Published Less than an hour ago
By Monica Beyer
Fact checked by Gianna D'Emilio
Exposure to a high level of noise on a regular basis can wreak havoc on the cardiovascular system, according to new research.
A new study examines the impact of chronic noise on heart health.
The leader of the study was Dr. Azar Radfar, Ph.D., a research fellow at the Massachusetts General Hospital in Boston. The findings will be presented at Scientific Sessions 2018, held by the American Heart Association (AHA) in Chicago, IL.
Dr. Radfar's team found that noise exposure causes an elevated stress response in the human brain.
This can lead to inflammation in the blood vessels, which can cause serious health problems, including a heart attack or stroke.
The research included 499 participants, who were free from cardiovascular disease and cancer at the study's start.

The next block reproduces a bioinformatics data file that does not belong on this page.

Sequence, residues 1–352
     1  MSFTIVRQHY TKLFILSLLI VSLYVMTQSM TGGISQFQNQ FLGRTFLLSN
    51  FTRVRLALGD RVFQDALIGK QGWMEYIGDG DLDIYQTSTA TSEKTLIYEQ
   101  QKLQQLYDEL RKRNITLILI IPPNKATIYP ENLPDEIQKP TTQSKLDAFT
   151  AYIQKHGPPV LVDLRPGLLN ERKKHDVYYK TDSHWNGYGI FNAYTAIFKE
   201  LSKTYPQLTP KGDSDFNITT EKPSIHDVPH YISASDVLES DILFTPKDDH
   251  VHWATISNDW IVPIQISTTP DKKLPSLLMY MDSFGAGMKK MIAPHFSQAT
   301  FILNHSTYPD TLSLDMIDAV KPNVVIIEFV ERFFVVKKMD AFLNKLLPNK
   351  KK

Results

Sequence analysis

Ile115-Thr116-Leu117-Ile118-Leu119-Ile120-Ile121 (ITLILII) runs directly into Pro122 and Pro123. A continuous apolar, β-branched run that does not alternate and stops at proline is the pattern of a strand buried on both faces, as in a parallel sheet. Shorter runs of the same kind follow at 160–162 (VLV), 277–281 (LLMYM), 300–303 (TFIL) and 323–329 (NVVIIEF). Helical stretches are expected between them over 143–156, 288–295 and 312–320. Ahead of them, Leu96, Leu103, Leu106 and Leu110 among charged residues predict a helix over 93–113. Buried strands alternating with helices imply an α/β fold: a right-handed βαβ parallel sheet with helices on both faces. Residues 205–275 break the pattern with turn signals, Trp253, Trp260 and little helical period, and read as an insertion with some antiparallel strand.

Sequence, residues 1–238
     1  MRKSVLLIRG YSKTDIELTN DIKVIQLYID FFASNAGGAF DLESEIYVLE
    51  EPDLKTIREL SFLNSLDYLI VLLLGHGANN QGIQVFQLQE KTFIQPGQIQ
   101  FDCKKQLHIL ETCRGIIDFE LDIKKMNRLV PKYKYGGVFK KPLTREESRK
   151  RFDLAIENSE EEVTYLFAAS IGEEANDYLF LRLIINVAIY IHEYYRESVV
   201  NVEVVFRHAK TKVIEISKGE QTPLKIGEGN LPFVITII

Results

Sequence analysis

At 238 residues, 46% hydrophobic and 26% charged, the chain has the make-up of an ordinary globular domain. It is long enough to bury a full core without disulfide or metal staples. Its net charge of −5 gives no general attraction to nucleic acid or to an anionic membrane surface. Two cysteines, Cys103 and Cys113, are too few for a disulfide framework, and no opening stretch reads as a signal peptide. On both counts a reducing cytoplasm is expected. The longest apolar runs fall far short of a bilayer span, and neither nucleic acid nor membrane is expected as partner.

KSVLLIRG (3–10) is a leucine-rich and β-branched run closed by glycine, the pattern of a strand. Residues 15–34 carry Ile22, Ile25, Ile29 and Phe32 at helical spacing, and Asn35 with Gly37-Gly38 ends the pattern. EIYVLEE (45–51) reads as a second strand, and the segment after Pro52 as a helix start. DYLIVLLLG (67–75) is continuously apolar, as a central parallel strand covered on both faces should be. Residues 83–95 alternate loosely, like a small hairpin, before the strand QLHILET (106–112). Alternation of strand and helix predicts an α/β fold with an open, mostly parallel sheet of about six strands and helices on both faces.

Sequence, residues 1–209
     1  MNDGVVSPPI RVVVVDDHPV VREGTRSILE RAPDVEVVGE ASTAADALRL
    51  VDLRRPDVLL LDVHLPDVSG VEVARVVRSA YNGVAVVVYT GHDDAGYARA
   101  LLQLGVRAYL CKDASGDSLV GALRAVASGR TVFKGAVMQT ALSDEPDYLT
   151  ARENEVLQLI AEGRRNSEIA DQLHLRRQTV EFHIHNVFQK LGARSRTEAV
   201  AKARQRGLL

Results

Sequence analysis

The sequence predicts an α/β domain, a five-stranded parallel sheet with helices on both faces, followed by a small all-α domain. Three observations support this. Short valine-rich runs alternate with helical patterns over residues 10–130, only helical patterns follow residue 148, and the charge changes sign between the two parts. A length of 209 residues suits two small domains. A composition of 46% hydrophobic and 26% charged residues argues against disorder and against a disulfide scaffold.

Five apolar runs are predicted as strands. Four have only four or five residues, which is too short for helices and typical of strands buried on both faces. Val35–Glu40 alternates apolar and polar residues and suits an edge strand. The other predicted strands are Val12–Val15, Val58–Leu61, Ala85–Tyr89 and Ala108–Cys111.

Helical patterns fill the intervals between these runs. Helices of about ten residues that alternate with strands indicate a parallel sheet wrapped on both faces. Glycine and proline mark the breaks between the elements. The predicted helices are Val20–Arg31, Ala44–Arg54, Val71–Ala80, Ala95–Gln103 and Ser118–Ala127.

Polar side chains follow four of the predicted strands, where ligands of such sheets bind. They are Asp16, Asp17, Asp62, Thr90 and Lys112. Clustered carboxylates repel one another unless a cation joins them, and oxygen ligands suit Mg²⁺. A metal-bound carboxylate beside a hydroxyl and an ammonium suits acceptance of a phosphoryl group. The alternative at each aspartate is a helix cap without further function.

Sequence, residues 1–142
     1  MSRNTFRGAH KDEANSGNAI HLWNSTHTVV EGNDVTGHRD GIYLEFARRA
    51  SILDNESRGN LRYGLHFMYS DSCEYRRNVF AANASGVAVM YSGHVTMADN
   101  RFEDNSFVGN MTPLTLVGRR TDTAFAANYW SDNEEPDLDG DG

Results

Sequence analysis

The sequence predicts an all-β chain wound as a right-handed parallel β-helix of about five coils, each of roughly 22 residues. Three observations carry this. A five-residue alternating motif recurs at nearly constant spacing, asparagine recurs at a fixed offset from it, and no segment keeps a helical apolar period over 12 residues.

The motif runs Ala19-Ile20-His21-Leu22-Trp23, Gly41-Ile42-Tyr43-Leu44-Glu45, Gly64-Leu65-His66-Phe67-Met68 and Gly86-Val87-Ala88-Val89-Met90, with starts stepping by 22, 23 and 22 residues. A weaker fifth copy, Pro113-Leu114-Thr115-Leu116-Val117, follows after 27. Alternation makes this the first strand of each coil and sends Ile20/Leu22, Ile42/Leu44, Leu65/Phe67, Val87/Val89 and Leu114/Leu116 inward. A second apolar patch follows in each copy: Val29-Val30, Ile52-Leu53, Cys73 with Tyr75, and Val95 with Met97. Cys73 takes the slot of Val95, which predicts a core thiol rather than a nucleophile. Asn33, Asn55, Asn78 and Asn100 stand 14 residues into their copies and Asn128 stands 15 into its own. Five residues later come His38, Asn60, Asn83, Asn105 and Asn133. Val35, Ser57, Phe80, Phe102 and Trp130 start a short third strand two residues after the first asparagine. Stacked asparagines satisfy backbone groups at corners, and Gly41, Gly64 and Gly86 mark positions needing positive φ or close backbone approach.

Noise and cardiovascular events
The participants underwent positron emission tomography (PET) and CT scans of their brains and blood vessels. The researchers also looked at the activity of the amygdala, a region of the brain that regulates stress and emotional response.
The team estimated participants' regular exposure to noise by comparing their home addresses with data from the United States Department of Transportation's National Transportation Noise Map, which includes information about levels of roadway and aviation noise.
Years later, the researchers examined the participants' medical records for evidence of cardiovascular events. Of the 499 original participants, 40 had experienced a heart attack or stroke in the 5 years that followed the initial testing.
After analyzing the data, the team discovered that participants with the highest levels of noise exposure also had the most noticeable stress-related brain activity. In addition, they had more inflammation in their arteries.